PART 7. CHAPTER IX.—(Continued.) "It would be a grand thing. By heavens, I never dreamed of it ! But suppose—suppose, now, Edwina mar ries him. She can win him if sho chooses—she can win anybody. Sup pose she does so, and becomes his wife. And then suppose the old duke (lies and the title goes to Chester, after all. This fellow has nothing." Sir Peter looked with pity on the man wbo could be so blind. "Why, hang it, Tom ! what's come over you ? Don't you know that even in that event Gerald is sure of the title ? Suppose Chester does get the title ; he can't live long, and Gerald Is next in line. In fact, there is no one else, Except these two, there is no one to save tho title from laps ing." "Chester might marry." "Let him," said Sir Peter, snap ping his fingers. "Let him marry. He will get a wife, that's all. I have thought that' all out, my dear bro ther. It is possible that he will mar ry. The duke has been at him for years to do so ; but I don't think— nature is against it—I' d...
CONGEALED MILK. [Newspaper Article] — Cobram Courier — 8 January 1914
CONGEALED MILK. Milk frozen into cubes weighing 20 or 30 pounds apiece to ft new idea adopted in the Brazilian province of Minus, denies, from which section Kio do Janeiro drawn most of its milk supply, says MThc Toronto," Out., Telegram. The milk is sterilised first aud then is frozen into blocks. A number of these cubes are placed in cans having insulated walls hold ing about 300 quarts. The caps are then hermetically sealed and are cool ed' to 3'J degrees Fab. It is said that milk shipped after this treatment will stand a journey of from fifteen to twenty days without injurious effect, and that the melted milki blocks taste just like fresh milk. •"The Milt Reporter."
THE DAIRY. A MAN WHO DOES THINGS [Newspaper Article] — Cobram Courier — 8 January 1914
THE DAIRY. r A MAN WHO DOES THINGS A year ago nt a farmers institute in Highland county, Ohio, a man got on the platform nnd read a paper 011 ensilage that could he writtsn nn|y by one who knows. A man Heatcrl i,c. Bide me Bf.il : "That's Jake, White, , bachelor, but lie's onto Ills job." tcr a ycnr I am again in Highland county in the neighbourhood of Ju>-5' White. I have been in Highlnnd county hut five minutes when a good citizen said "You must see White's great dairy before you leave," and ninth r said "White has the finest herd of 150 Jerseys I ever saw." "You can walk all through his stabler v&lt; h bedroom slippers on aiyl en. -.e rut clean," snid another. When ,, mil waggon passes some one says*^ "Tli.it is White's." Two hours before d r'( one hri-lit evening I walked out of Hrem 'Tp one mile to this great mil's estab lishment. A daj la'io ircr in a stone quarry milking two native cows nnl carrying the milk to customers nto„t was the lot of .lake White 2f> yeir...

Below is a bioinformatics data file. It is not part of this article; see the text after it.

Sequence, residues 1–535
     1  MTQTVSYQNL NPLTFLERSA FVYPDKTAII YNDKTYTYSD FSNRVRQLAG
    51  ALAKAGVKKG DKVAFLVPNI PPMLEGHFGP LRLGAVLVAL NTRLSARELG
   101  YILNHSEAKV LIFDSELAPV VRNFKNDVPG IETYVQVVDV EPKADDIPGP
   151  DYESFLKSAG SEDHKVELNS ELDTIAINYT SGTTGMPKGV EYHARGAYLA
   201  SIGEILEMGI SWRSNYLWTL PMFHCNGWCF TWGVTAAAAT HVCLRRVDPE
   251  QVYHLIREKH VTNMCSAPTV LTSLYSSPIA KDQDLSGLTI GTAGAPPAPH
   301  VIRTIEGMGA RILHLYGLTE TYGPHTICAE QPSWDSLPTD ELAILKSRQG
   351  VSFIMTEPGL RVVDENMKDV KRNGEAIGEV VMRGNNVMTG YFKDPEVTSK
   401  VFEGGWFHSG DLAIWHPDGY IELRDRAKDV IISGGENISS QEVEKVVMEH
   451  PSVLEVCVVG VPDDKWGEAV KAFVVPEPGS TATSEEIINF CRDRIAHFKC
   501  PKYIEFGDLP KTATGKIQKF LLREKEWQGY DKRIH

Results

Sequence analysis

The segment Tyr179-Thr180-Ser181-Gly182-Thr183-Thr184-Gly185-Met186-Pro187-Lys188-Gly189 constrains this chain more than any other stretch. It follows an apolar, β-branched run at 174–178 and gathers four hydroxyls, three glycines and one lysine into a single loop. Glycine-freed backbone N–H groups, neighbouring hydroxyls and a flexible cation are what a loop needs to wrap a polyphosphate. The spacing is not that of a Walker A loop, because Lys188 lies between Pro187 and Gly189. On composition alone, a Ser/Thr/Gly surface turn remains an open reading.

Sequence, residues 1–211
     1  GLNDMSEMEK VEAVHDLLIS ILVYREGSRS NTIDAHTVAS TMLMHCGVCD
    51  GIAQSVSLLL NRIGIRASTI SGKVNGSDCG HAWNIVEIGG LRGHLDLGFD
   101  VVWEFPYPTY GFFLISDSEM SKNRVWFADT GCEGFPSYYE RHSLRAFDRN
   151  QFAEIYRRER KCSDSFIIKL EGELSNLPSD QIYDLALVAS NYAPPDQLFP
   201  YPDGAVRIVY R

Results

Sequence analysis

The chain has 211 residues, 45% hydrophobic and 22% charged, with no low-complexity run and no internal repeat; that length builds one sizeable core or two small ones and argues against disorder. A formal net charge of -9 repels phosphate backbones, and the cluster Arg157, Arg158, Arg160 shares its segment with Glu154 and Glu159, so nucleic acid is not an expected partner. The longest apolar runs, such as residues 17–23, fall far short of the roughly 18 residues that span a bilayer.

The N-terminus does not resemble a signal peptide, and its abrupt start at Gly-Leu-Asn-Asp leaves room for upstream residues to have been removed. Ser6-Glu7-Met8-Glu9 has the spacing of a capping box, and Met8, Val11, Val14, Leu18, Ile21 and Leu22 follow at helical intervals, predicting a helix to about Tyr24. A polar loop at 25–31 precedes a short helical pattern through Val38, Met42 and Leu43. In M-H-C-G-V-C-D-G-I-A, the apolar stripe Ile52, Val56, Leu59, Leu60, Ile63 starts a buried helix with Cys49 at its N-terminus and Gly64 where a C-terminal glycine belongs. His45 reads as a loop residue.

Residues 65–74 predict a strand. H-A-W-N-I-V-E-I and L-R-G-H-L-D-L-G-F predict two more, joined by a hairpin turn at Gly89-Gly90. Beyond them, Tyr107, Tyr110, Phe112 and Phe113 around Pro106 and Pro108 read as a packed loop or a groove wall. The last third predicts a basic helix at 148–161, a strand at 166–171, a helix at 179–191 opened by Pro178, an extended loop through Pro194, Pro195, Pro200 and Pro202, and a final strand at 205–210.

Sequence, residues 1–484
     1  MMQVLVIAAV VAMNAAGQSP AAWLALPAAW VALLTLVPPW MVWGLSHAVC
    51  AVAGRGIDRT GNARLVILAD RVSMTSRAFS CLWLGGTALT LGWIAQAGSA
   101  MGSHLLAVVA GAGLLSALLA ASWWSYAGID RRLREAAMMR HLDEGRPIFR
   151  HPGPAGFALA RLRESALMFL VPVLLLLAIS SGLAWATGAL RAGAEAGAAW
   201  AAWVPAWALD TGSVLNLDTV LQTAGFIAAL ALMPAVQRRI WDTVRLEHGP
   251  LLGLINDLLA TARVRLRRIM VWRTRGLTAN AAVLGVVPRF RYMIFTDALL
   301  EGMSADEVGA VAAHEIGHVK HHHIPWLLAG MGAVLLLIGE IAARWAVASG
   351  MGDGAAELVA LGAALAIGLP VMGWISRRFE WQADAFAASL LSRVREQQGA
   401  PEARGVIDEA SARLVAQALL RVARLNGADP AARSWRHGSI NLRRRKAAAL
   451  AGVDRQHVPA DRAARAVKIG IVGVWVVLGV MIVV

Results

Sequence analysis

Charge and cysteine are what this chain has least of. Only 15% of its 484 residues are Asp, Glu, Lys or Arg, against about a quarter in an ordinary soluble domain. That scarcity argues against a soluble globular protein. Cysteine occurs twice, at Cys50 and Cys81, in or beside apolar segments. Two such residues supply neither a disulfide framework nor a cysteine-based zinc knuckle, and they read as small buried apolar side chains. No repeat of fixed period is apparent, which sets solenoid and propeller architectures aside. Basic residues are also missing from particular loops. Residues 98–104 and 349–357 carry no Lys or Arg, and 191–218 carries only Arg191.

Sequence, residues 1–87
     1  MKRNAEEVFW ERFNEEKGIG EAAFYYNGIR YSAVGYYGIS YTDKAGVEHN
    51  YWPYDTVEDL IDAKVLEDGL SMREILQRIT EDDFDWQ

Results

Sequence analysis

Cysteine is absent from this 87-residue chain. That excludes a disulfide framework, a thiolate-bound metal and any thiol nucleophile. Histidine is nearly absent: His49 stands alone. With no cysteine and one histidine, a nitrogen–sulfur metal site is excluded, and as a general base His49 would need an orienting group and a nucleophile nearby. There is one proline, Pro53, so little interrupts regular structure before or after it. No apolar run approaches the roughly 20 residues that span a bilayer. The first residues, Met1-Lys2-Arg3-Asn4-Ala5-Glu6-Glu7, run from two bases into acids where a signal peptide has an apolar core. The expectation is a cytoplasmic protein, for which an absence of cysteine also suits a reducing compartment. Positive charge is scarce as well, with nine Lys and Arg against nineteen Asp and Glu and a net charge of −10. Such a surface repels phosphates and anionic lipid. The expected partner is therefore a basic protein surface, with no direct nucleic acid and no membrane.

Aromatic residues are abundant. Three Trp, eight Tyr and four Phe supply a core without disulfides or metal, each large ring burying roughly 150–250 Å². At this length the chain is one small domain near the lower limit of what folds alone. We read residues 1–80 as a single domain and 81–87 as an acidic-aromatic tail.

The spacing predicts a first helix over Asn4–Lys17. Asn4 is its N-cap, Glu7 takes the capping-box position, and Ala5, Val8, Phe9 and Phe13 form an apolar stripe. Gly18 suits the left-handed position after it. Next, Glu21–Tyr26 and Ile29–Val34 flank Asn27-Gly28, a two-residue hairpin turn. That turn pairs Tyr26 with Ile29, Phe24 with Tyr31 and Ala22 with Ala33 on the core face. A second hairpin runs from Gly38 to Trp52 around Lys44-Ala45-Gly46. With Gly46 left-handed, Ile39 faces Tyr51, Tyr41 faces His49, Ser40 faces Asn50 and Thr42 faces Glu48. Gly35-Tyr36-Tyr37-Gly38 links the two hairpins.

USE OF FREE NITROGEN. [Newspaper Article] — Cobram Courier — 8 January 1914
USB OF FREE NITROGEN. - Some of tlie European countries lire particularly interested in the manufacture of sulphate! of ammonia. Sulphate of ammonia contains, on ^tucr^avcroge;—"nuoutr20~pcr~ccnc7~nt trogen, • and is qulto frequently "a very efficient fertiliser. A new plnnt for the manufacture of this highly nitrogenous fertiliser has just been organised in Norway with a capital stock of over two and one-half mil lion dpllars. It aims to turn out an nually 40,000 tons of sulphate. To do so it will he able to use enormous quantities of the free nitrogen of the air. The farmer who grows lucerne, clover, cowpens, and other legumes is every year adding value to tlio farm and to the products ot the farm, tor legumes are transformers of free nitrogen just as the factory is. While sulphate of ammonia will be used by those in intensive farming operations, it will be many years be fore the average American farmer will need to rely for his nitrogen up on the manufactured forms—that is, of co...
HYGIENIC MILK. [Newspaper Article] — Cobram Courier — 8 January 1914
HYGIENIC MILK. According to a French authority stnndnrd hygienic milk, should have been put through the following pro cesses. 1. Analysis and testing to remove watered, skimmed, soured or low grade mjlk. —' 2. Filtering or straining to remove taechanical impurities such as hairs, dust, etc. 3. Pasteurisation at a temperature above 176 degrees Fah. and immedi ate cooling' to about 40 degrees to destroy pathogenic microbes, such as those of tuberculosis, diphtheria, typhoid fever, etc. •1. Bottling or sealing in sterilised containers. It should then be kept at a low temperature until sold. The first country to establish this standard for milk was the Argentine Republic, which enacted statutory re gulations ns long ago as 1830. These .were soon followed by similar laws in various European countries. In Argentina the treatment described | has become . obligatory.— "Chicago Produce."
Original Correspondence. We do not identify ourselves with the opinions expressed by our correspondents. THE G.V.F.B. DEMONSTRATION. TO THE EDITOR OF THE COURIER. [Newspaper Article] — Cobram Courier — 8 January 1914